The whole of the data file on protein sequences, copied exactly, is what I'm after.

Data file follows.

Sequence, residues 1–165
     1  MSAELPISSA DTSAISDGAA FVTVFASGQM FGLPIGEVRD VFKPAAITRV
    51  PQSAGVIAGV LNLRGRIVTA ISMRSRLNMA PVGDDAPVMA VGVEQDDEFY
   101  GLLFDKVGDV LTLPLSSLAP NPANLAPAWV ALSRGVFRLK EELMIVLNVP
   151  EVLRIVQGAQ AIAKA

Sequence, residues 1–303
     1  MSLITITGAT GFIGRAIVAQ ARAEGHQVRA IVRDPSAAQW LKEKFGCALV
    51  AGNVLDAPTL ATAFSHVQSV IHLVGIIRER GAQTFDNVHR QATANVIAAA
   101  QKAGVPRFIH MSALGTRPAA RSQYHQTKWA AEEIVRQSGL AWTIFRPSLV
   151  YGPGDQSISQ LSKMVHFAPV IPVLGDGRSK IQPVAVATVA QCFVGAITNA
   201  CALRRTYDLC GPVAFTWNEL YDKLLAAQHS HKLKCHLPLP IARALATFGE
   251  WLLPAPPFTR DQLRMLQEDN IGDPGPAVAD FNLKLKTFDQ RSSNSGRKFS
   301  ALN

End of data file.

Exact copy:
Sequence, residues 1–165
     1  MSAELPISSA DTSAISDGAA FVTVFASGQM FGLPIGEVRD VFKPAAITRV
    51  PQSAGVIAGV LNLRGRIVTA ISMRSRLNMA PVGDDAPVMA VGVEQDDEFY
   101  GLLFDKVGDV LTLPLSSLAP NPANLAPAWV ALSRGVFRLK EELMIVLNVP
   151  EVLRIVQGAQ AIAKA

Sequence, residues 1–303
     1  MSLITITGAT GFIGRAIVAQ ARAEGHQVRA IVRDPSAAQW LKEKFGCALV
    51  AGNVLDAPTL ATAFSHVQSV IHLVGIIRER GAQTFDNVHR QATANVIAAA
   101  QKAGVPRFIH MSALGTRPAA RSQYHQTKWA AEEIVRQSGL AWTIFRPSLV
   151  YGPGDQSISQ LSKMVHFAPV IPVLGDGRSK IQPVAVATVA QCFVGAITNA
   201  CALRRTYDLC GPVAFTWNEL YDKLLAAQHS HKLKCHLPLP IARALATFGE
   251  WLLPAPPFTR DQLRMLQEDN IGDPGPAVAD FNLKLKTFDQ RSSNSGRKFS
   301  ALN